Issue brief: What if laid off employees decline to return?
Many issues remain to be resolved on how the loan forgiveness phase of the Paycheck Protection Program is supposed to work. Small Business Administration and the Treasury Department are working on another set of regulations to address that part of the process. Meanwhile, the agencies are answering some questions piecemeal.
This week, new guidance has been issued on what happens if an employer tries to return a laid-off or furloughed employee to his or her old job and the employee decides not to come back. Because forgiveness of the PPP loan rests upon a business’s ability to achieve the same employee count (Full Time Equivalents or FTEs) that it had during its base period, business want to know whether the inability to get an employee to return will cause part of the loan to be marked for repayment, rather than forgiveness.
The answer is that the business can still seek full loan forgiveness without counting this employee. SBA/Treasury warn that the business must document a good faith effort to bring the employee back. Employers should make clear to the employee that declining the offer may affect unemployment compensation.
SBA/Treasury have also noted in previous guidance that SBA will be reviewing individual loans for compliance if the total loan amount was more than $2 million.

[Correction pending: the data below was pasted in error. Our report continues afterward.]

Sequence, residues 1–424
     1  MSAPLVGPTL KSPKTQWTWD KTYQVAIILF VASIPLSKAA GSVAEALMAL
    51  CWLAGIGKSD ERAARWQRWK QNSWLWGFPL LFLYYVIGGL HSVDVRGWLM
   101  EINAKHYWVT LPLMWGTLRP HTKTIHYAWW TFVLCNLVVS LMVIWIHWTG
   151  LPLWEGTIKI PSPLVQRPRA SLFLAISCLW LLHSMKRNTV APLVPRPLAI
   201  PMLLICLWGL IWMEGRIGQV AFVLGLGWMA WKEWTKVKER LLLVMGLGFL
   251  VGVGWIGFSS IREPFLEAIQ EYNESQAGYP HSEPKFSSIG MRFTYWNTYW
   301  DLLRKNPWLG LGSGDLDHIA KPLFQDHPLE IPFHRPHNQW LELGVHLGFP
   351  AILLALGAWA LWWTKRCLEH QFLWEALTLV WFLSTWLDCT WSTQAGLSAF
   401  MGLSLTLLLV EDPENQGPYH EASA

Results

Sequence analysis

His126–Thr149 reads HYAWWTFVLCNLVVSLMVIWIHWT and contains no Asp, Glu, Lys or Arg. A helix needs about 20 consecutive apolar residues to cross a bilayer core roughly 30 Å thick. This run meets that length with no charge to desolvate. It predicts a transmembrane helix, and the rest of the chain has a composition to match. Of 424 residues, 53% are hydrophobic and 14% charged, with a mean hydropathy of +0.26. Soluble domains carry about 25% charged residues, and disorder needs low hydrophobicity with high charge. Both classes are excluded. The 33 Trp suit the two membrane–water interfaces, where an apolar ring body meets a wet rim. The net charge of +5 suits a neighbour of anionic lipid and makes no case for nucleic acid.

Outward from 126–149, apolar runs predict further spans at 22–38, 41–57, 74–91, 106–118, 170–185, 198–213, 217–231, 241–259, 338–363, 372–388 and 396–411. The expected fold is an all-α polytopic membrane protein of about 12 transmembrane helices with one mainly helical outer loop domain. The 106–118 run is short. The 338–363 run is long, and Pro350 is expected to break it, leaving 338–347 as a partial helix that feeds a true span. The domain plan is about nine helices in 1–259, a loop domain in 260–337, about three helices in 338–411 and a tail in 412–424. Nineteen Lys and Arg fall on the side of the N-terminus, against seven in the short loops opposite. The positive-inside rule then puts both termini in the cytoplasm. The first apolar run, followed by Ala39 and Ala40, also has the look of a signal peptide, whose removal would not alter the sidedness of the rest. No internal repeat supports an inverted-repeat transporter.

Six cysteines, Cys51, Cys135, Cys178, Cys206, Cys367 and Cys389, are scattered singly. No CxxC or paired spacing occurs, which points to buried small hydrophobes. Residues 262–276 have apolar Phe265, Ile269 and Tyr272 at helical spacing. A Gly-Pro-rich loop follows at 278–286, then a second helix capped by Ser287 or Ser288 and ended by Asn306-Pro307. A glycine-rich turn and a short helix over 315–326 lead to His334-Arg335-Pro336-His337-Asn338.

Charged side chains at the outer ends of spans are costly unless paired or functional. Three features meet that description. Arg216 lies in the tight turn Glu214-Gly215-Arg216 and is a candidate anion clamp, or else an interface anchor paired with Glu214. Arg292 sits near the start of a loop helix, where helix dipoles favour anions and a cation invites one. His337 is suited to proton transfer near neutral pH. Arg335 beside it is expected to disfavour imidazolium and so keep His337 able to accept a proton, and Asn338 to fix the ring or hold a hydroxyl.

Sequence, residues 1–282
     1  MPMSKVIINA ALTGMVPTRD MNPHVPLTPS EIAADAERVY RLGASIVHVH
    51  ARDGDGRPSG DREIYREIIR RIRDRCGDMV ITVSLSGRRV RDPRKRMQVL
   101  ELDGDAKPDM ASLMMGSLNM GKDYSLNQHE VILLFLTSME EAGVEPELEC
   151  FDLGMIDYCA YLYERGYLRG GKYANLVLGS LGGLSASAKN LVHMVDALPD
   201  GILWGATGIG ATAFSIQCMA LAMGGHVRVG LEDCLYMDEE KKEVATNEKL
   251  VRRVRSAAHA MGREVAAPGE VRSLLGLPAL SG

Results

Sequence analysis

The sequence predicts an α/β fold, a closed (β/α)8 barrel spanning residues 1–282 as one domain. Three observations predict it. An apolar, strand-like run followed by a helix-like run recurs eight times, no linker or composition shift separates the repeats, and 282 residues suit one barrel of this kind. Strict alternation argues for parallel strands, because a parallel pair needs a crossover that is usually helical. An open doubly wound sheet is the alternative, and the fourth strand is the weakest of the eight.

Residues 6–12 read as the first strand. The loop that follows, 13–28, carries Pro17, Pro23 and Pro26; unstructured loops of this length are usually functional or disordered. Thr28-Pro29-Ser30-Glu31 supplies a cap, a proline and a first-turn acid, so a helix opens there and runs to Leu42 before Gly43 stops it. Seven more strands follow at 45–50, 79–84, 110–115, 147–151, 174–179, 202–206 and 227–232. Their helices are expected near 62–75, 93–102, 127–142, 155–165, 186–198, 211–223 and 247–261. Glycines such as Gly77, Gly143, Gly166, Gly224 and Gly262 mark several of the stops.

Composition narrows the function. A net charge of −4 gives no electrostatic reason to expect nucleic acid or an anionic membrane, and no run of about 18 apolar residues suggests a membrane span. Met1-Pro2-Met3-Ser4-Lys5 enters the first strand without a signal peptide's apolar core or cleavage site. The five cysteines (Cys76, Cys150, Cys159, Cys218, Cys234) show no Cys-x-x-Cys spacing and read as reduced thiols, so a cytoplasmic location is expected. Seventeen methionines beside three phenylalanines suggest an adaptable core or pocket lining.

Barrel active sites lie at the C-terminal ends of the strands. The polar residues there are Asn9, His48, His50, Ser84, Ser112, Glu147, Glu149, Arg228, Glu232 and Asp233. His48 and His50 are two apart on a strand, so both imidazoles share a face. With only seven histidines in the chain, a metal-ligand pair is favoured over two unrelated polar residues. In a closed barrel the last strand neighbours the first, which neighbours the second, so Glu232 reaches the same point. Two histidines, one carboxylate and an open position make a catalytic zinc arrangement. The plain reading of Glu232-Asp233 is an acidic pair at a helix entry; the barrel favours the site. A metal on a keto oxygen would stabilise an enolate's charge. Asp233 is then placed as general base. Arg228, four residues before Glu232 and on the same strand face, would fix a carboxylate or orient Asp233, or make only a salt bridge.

Below is the question and answer on the non-returning employee.
Question: Will a borrower’s PPP loan forgiveness amount (pursuant to section 1106 of the CARES Act and SBA’s implementing rules and guidance) be reduced if the borrower laid off an employee, offered to rehire the same employee, but the employee declined the offer?
Answer: No. As an exercise of the Administrator’s and the Secretary’s authority under Section 1106(d)(6) of the CARES Act to prescribe regulations granting de minimis exemptions from the Act’s limits on loan forgiveness, SBA and Treasury intend to issue an interim final rule excluding laid-off employees whom the borrower offered to rehire (for the same salary/wages and same number of hours) from the CARES Act’s loan forgiveness reduction calculation.
The interim final rule will specify that, to qualify for this exception, the borrower must have made a good faith, written offer of rehire, and the employee’s rejection of that offer must be documented by the borrower. Employees and employers should be aware that employees who reject offers of re-employment may forfeit eligibility for continued unemployment compensation.
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